1. Bruce, hi! Tell us a little about yourself.
I am a very complicated person, I’m a human being. (Laughing)
Generally, I practice acupuncture and Asian herbal medicine in New York City. Lately, I’ve been teaching herbal medicine at the Virginia University of Oriental Medicine and South Baylo University.
I started practicing acupuncture and herbal medicine in 2012 after graduating from the Tri-State College of Acupuncture in New York City.
I haven’t always lived in America. I moved to the U.S. from Seoul in 1995, where I was an ordained Buddhist monk, and later made Manhattan my home in 1998.
When I first moved to the States, I wanted to study Eastern thoughts and philosophy.
At first, I took an English course as an ESL student. I spent almost one year learning English because I couldn’t speak English at the time. My English speaking and writing skills improved so much since I trained with wonderful teachers.
In 1998, I founded the Lotus Dharma Society, which is a Buddhist scriptures program, incorporating teachings of Theravada Buddhism, Mahayana Buddhism and Tibetan Buddhism.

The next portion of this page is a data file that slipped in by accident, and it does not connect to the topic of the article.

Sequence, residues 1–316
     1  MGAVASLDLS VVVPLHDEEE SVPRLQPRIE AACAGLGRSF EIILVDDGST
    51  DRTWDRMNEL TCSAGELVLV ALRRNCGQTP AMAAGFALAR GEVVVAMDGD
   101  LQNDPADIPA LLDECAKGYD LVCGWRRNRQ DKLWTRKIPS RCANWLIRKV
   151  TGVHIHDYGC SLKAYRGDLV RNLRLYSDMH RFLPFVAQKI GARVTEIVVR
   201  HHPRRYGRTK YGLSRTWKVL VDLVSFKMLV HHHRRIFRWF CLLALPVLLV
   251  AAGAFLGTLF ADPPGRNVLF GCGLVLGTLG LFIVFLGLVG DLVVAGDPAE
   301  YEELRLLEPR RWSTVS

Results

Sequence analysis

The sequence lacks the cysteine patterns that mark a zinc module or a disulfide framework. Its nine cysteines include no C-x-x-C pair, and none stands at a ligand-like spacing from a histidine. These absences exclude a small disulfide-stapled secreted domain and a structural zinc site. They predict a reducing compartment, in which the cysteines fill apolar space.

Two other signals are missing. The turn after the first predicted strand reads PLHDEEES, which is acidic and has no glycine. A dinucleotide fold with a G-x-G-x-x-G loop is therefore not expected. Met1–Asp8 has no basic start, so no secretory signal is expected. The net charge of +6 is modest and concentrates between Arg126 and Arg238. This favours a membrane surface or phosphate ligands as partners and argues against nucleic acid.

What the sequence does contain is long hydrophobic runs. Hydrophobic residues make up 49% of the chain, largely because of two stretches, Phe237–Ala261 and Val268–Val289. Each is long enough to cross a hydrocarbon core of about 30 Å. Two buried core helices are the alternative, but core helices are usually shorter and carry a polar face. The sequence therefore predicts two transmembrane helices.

From there, I directed the society to teach Buddhist scriptures, to guide meditation groups, and to organize community activities for Korean Americans in New York, New Jersey, and Connecticut.
2. Can you tell us more about your life as a Buddhist monk in Korea? Why did you become one? What was it like? What were some of the best parts of being a monk? The worst?
I joined the Buddhist monastery in Korea at 17-years-old. My mother passed away when I was 12-years-old and I had a difficult time with my family since then. In my final year of high school, I switched my life direction to join a temple and become a Buddhist monk.
I then lived in a mountain temple – at Taebaeksan – for one year. And then, I moved south to the oldest temple (Haeinsa); went to Dongguk University to learn Buddhist studies for four years; and even served two years of mandatory military service.
After graduation and the military, I conducted missionary work and taught Buddhism to the general public.
At the time, I was very passionate about my work. I opened a Buddhist center in Seoul and I was teaching the people, creating a Buddhist congregation with over 2,000 members.
The temple work though tired me out. I was waking up at 4 am and I finishing at 11 pm, day in and day out.
I needed more energy, inspiration and insight. I was looking to study abroad in Japan, Taiwan or America, where the study of Eastern philosophy was becoming popular.
In Buddhism there are a lot of theories and teachings about helping other people with compassion and care.